The great thing about these dishwashers is that you do not need to have a pre-installed garbage disposal in your kitchen. Instead, any food remnants that pass through the dishwasher will end up as a pulverized mess without manually flipping switches.
However, this begs the question: are garbage disposals built into dishwashers better than standalone garbage disposals? Alas, no, they are not.
Standalone garbage disposals typically found underneath sinks come with beefier motors and larger blades—2 things it will need to crush tough objects like chicken bones and ice cubes in a jiffy.
That said, it’s not like you will place chicken bones and ice cubes in your dishwasher, so for the most part, it doesn’t necessarily need such a heavy-duty garbage disposal.
Dishwashers with Filter Assemblies
What you will commonly find in European-made dishwashers is that the manufacturer will skip adding garbage disposals to their machines and instead install a filter assembly at the bottom of the tub.
The filter assembly does exactly as you could imagine—it traps food particles from passing through the drain hose and possibly clogging your sewer line.
There are 2 reasons why European manufacturers take this route. The first is that built-in garbage disposals are noisy.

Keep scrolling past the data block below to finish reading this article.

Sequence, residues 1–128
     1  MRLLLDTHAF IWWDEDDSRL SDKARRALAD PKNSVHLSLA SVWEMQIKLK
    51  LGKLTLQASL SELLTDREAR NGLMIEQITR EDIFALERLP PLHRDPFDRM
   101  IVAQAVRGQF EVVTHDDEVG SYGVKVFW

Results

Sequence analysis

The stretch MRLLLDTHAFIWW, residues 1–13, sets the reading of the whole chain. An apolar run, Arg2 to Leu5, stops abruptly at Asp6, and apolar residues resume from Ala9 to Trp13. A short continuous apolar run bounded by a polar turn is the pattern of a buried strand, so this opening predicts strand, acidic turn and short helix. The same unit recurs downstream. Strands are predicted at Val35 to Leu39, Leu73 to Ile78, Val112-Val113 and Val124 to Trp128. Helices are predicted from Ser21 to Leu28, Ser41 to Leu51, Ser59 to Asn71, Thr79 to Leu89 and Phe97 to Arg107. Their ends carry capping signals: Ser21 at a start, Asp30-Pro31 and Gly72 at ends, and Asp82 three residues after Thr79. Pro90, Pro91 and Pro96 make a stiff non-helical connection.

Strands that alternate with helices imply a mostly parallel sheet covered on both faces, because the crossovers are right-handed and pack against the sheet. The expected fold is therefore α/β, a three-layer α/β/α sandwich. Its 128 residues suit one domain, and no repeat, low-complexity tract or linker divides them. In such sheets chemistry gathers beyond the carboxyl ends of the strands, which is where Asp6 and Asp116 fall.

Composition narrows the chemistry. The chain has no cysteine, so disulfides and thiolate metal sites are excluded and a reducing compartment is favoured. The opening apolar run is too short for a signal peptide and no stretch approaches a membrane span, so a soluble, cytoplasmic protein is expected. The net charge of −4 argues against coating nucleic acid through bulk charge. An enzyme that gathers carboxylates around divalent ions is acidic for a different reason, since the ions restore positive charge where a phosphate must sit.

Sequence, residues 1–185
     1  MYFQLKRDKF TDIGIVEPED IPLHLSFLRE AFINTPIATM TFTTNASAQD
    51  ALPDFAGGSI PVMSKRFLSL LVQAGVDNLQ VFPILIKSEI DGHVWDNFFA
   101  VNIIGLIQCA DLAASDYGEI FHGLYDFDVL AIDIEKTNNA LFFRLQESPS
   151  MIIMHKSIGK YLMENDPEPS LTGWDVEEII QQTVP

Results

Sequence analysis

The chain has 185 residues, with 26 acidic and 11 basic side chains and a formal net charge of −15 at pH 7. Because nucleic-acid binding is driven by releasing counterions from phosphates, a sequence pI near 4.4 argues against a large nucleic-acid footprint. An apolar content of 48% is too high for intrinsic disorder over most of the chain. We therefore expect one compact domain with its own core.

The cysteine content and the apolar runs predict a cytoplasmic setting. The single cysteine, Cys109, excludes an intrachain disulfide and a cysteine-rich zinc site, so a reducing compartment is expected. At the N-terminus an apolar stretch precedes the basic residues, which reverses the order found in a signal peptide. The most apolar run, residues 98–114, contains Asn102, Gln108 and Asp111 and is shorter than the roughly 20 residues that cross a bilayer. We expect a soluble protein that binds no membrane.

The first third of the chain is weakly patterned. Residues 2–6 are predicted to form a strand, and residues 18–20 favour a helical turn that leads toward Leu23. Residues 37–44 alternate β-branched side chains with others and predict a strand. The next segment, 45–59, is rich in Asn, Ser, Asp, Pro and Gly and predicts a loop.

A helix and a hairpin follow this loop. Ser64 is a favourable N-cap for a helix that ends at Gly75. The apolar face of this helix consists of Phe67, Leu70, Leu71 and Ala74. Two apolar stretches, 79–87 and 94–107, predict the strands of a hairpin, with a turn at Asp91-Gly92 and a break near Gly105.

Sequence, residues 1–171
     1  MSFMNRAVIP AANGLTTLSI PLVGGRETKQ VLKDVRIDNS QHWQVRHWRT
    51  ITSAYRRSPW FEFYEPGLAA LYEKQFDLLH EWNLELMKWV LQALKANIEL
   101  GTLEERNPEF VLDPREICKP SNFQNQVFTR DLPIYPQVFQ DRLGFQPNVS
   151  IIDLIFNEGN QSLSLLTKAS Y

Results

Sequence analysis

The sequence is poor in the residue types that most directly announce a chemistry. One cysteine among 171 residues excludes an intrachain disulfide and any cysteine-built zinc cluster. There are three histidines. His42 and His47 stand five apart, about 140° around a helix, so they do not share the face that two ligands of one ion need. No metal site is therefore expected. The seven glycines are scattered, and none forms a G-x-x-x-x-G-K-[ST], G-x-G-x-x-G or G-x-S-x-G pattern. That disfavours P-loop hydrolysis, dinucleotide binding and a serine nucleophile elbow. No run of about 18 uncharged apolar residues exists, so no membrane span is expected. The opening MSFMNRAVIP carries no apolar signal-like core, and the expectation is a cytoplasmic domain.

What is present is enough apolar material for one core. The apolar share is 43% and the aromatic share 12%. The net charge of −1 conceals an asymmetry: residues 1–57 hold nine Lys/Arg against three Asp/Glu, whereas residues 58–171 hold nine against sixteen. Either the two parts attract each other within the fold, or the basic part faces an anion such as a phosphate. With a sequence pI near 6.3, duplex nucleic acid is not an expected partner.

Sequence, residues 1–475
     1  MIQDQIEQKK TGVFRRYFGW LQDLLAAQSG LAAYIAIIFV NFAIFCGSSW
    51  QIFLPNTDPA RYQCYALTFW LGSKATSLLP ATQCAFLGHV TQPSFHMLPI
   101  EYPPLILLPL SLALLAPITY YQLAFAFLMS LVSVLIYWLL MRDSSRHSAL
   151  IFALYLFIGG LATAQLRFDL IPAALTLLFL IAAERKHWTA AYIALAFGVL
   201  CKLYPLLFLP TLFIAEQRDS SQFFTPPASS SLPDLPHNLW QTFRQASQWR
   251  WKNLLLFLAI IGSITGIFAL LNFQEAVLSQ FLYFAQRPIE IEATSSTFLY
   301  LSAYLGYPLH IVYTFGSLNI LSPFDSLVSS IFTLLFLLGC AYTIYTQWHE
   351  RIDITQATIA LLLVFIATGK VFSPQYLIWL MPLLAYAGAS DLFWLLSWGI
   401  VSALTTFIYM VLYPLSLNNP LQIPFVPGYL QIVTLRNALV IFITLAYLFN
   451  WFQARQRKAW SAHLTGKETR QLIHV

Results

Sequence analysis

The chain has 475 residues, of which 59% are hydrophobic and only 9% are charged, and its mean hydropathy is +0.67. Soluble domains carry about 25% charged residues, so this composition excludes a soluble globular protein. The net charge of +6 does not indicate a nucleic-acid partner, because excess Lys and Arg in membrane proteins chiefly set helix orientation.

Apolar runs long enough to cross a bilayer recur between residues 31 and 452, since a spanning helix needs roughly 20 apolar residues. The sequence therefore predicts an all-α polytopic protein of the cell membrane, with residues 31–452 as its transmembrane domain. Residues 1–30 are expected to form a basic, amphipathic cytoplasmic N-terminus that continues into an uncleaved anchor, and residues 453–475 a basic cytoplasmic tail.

If you’ve ever tried running a garbage disposal before, you’ve probably had to take a few steps back to stop the motor and blades from ruining your hearing, even temporarily. A filter assembly doesn’t produce any noise since it just sits there and waits for solid particles to adhere to the filter mesh.
The second reason is that a built-in garbage disposal increases energy consumption. Since most manufacturers are trying to reduce how much energy they use per cycle, you won’t find additional features, like a built-in garbage disposal, in most European-made dishwashers.
So, if you live an environmentally aware lifestyle, I would wholeheartedly recommend choosing a dishwasher with a filter assembly in place of one with a garbage disposal. For the most part, the filter will capture anything the garbage disposal would grind up, but you don’t have to deal with spikes in your energy bill.
Are Dishwashers with Built-in Garbage Disposals Good?
Sadly, there is no clear-cut answer to this question. It will ultimately depend on what you need your dishwasher to do.